Enjoying winter — with a few qualifications.
Long before you begin to lose friends to the Grim Reaper, you lose them to the sunbelt.
Over the holidays old friends stopped by, bragging how in a week’s time they’d be back in sunny Austin or mild San Francisco running around in their stocking feet. “Who needs four seasons?” they said. “One is plenty.” My friend Karen told how she had to leave the Midwest, otherwise she might have stuck her head in the oven, and she didn’t mean to check the roast. She simply couldn’t take one more bleak, dreary Midwestern winter.
Winter can be a trial, no doubt about it. Especially this winter, which is shaping up to be the coldest since the Pleistocene epoch, and has even the most fervent environmentalist idling his Subaru in the driveway in the hope of hastening global warming. But winter also has its advantages, especially if you live in the city. The street out front of my girlfriend’s house — which all summer long resembles nothing less than Carnaval in Rio de Janeiro — is wonderfully quiet now. We can walk up and down the strip in the evening without fear of being molested, since it is too cold even for the hardiest crack addicts and muggers. Wasn’t it Shakespeare who said: “Winter tames man, woman and beast”? Anyway, it shuts them up for a few months. So we bundle up and stroll serenely down the sidewalks for a seasonal brew at one of the corner taverns.
On most days, my girlfriend is up before the sun baking like a madwoman, and winter is definitely the season for baking. Nothing beats apple strudel hot out of the oven on a frigid winter’s morning. Fortified with a belly full of warm strudel we are able to make that long trudge (“every mile is two in winter”) out to the driveway to jackhammer the ice and snow off our windshields. And when else can you lie around in bed on a Saturday afternoon and catch up on your reading and not feel guilty because you are not outside mowing the lawn or blowing leaves around your yard or whatever folks with vast suburban lawns do the rest of the year?
WINTER IS AN excellent time to get away. Best are the quick little weekend getaways to some riverside bed and breakfast. For longer trips, nothing compares to the seaside in winter, one of the perennial themes of Victorian essayists and other misanthropes. “[I]n the month of August [I could not have] relished so heartily as now the simple pleasures which the seaside always can afford. Everything is delightful. I look forward to everything,” wrote Max Beerbohm many winters ago. Essayists seem to shun the seaside in season when it is noisy and crowded with drunken louts, or, if they are dragged there by their wives, they are not inspired enough to write about it. Dickens was the exception; he found the seaside in winter dull and unmoving: “Gloom reigns everywhere and the dullness is simply intolerable.”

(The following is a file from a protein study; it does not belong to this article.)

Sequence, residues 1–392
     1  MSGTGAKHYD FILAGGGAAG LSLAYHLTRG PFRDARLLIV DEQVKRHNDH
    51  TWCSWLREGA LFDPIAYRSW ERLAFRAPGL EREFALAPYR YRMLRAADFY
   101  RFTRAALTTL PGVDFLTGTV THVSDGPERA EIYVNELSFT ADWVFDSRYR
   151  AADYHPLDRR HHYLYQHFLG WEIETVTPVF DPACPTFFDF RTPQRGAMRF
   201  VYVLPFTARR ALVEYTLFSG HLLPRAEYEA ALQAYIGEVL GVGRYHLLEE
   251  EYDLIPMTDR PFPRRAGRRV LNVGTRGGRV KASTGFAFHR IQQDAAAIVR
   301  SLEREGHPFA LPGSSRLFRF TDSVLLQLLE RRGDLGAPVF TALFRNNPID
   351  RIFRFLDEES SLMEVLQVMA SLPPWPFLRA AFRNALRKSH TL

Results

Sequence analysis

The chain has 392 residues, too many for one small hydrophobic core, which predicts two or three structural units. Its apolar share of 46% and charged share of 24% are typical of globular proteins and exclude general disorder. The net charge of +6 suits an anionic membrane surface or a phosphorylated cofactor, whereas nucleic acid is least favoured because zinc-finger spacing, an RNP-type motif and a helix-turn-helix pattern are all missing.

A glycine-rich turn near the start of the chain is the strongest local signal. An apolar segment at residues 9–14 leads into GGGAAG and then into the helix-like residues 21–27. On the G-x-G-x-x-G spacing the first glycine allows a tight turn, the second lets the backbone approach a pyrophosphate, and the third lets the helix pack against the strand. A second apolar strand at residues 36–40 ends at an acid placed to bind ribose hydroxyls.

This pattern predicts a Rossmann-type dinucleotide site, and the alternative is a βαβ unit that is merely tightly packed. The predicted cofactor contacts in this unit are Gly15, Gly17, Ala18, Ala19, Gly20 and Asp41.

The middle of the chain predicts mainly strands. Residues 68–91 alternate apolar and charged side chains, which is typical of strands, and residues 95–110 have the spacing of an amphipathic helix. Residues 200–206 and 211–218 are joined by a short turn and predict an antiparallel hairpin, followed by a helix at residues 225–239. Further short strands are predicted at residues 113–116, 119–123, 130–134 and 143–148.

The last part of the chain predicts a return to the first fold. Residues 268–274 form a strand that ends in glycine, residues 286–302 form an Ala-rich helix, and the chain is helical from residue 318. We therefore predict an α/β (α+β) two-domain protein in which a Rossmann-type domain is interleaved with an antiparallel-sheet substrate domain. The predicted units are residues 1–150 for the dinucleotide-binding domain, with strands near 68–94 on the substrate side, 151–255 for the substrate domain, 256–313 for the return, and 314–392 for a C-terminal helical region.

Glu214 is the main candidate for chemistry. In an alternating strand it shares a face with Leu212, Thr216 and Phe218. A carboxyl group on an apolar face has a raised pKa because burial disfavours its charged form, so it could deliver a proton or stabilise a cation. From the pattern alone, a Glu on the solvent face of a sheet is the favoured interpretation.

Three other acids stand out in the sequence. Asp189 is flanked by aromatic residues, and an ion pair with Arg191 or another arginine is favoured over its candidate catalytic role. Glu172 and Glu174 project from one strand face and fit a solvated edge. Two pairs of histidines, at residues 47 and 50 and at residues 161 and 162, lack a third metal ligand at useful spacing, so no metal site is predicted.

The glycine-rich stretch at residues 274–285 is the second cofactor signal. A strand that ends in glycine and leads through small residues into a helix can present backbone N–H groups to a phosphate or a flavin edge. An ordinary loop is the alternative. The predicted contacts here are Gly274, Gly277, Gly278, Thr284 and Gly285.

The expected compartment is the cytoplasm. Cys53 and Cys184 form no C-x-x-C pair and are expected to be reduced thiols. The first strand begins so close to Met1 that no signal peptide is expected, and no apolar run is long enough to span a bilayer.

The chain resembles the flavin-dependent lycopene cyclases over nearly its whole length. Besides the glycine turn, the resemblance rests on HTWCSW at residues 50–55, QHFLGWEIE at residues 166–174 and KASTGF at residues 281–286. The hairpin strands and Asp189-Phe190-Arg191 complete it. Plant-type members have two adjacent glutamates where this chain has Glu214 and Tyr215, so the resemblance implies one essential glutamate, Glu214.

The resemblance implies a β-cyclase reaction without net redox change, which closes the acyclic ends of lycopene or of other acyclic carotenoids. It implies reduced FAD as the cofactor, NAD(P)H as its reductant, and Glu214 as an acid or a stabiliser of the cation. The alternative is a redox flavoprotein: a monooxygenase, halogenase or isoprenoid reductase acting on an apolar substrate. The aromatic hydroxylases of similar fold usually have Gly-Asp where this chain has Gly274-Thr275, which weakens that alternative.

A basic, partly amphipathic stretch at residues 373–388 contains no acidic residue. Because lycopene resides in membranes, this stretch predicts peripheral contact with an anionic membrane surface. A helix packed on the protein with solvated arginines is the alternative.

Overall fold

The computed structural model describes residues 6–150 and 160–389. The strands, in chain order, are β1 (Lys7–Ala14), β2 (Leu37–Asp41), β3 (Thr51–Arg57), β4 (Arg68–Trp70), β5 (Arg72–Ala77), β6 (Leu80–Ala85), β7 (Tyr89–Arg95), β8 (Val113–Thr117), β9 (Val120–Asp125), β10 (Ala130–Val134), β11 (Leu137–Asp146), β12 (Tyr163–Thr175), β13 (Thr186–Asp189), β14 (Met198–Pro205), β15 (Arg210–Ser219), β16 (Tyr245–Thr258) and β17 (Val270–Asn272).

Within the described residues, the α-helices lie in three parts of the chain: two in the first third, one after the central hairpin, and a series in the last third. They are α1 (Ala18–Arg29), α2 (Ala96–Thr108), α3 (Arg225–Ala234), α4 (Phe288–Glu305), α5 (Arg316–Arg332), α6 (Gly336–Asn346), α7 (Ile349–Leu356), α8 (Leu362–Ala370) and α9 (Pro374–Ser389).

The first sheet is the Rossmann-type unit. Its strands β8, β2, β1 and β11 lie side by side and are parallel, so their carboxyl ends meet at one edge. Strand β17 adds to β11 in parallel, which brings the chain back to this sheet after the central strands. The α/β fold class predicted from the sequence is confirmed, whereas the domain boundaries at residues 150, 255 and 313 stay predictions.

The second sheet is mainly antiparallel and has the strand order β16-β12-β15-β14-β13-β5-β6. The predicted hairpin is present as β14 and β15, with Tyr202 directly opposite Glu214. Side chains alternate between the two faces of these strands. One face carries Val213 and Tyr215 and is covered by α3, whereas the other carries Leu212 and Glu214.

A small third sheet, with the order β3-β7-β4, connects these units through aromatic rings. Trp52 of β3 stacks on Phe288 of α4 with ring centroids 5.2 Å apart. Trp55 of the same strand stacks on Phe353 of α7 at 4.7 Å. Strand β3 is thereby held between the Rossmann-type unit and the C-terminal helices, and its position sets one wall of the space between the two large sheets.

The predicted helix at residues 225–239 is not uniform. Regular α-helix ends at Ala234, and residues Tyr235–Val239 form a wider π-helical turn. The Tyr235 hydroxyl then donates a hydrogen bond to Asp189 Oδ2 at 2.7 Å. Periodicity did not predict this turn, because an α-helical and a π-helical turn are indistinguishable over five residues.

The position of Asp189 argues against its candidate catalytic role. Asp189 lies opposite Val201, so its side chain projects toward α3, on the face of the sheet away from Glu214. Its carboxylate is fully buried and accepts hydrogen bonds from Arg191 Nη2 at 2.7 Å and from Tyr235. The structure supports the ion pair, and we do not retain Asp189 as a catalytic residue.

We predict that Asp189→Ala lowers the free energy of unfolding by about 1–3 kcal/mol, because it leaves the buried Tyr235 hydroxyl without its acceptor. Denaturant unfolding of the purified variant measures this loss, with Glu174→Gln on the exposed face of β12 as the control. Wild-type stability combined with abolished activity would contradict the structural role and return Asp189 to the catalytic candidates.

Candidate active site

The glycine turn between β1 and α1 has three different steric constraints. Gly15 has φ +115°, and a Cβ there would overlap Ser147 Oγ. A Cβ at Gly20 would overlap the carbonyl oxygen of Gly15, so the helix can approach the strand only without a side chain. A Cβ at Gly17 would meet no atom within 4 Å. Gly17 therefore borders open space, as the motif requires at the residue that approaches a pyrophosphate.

I don’t know. At my age, I am kind of a fan of a contemplative dullness. Unfortunately, my girlfriend doesn’t allow too much tedium to creep into my bones. Her cure for cabin fever is to take me ice-skating and hiking and dancing. I’m not sure what contra dancing is, but we’re going this Sunday. I believe contra means “against,” so I assume there will be a hall full of people who oppose dancing, sort of like the Rev. Shaw Moore in the movie Footloose. Sounds like my kind of people.
Surviving winter isn’t the challenge it used to be. Today, most Americans have indoor plumbing, gas furnaces, and car heaters. (When the thermostat drops below ten degrees, I think about my Uncle Ray, then nine years old, who had to wake up before dawn in January and walk to school and shovel coal into the furnace so the classrooms would be toasty and warm by time the other kids arrived.) Even so, our winters are still too much for some. I suspect Florida and Texas and California are full of such transplanted softies looking for something else to complain about — like the presence of too many old people, too many rednecks, and too many traffic jams.
I suppose the best thing about winter, though, is that — here at least — it only lasts three months. Three months is nothing. I can do that with my eyes closed — in bed preferably, with lots of blankets. Three months is certainly no reason to up and move away from your friends and family. By April Fool’s Day the crocuses will begin poking their heads up, the days will lengthen, the coats and gloves will come off, the high school baseball team will begin practicing — out of doors, no less. Then the humidity will return and the streets will come alive, and we’ll be kept up all hours by the noise and the music, and, before you know it, we’ll be longing for the deep stillness of winter again.
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